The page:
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US states close door on Syrian refugees in wake of Paris attacks

Governors across the US have defied the president and said they will stop accepting Syrian refugees. Fear concerning migrants is growing after the brutal terrorist attacks in Paris.

Governors representing nearly half of the 50 US states rejected on Monday plans to resettle Syrian refugees there amid fear they could pose a threat to Americans.

The backlash was sparked after the violent attacks on Friday night in Paris, where a Syrian passport was discovered alongside the body of one of the murderers.

US President Barack Obama has said in the past he would accept around 10,000 refugees from the war-torn country in the Middle East. Now some governors are pushing back at the president, saying the resettlement plan would make the US susceptible to a terrorist attack similar to the one in Paris.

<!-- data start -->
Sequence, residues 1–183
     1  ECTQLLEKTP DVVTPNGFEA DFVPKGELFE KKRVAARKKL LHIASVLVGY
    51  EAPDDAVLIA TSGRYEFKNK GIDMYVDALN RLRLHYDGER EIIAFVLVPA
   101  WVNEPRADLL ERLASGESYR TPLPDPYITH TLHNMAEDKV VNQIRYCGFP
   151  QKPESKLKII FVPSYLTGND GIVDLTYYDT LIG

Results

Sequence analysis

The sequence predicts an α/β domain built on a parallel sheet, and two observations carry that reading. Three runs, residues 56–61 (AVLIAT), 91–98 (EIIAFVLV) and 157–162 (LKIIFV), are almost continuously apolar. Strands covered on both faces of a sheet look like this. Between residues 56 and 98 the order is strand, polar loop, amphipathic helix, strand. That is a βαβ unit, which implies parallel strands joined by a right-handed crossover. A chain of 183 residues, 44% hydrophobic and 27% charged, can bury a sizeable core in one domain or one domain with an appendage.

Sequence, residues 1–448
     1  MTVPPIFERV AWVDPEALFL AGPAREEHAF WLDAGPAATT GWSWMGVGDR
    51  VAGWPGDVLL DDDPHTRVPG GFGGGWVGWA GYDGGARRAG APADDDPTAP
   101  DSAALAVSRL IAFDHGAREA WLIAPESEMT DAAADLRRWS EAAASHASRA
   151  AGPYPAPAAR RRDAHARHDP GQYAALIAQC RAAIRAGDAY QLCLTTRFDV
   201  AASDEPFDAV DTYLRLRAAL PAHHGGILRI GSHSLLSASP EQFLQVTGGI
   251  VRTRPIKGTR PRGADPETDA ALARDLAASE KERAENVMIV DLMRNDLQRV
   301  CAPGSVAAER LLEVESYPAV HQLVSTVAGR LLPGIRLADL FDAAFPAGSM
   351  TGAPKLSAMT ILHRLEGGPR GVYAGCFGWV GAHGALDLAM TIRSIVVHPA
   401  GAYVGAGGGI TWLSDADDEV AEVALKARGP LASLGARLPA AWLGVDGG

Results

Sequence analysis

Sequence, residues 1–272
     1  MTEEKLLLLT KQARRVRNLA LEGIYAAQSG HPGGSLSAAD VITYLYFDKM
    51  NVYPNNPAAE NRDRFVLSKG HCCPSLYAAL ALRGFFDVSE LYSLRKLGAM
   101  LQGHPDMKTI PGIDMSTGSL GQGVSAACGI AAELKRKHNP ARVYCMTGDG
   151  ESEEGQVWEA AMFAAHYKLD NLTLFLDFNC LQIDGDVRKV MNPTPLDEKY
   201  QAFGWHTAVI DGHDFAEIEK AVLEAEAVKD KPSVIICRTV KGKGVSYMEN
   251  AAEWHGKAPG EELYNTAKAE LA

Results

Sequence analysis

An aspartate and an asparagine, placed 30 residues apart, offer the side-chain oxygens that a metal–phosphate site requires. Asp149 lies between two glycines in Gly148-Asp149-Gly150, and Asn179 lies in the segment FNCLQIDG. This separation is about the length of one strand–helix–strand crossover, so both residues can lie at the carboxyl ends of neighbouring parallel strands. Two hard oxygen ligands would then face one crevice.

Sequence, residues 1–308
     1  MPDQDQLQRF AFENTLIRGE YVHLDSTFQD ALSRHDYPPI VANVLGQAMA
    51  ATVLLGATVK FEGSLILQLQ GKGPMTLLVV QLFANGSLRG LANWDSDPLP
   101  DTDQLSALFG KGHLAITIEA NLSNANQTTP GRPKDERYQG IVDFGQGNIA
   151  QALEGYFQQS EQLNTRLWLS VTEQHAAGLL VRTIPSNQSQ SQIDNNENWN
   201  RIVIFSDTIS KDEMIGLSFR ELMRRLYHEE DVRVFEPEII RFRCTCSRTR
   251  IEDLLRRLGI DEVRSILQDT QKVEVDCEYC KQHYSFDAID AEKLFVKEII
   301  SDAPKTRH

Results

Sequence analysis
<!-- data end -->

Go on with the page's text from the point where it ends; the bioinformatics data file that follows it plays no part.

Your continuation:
'Everything humanly possible'

US President Barack Obama

US President Barack Obama

"I will do everything humanly possible to stop any plans from the Obama administration to put Syrian refugees in Mississippi," said Gov. Phil Bryant.

In addition to Mississippi, the following states have voiced their opposition to Obama's resettlement plan: Texas, Arizona, Alabama, Michigan, Arkansas, Florida, Georgia, Idaho, Illinois, Indiana, Kansas, Louisiana, Maine, Massachusetts, Mississippi, Nebraska, North Carolina, Ohio, Oklahoma, South Carolina, Tennessee and Wisconsin.

Republican presidential hopefuls, including Jeb Bush and Donald Trump, have also said they would not admit Syria refugees.

Obama said Syrian refugees would be accepted over the next year and distributed around the country. Many of them would go to cities where they have familial ties, such as Detroit, New York or Los Angeles.

blc/jil (AP, AFP)

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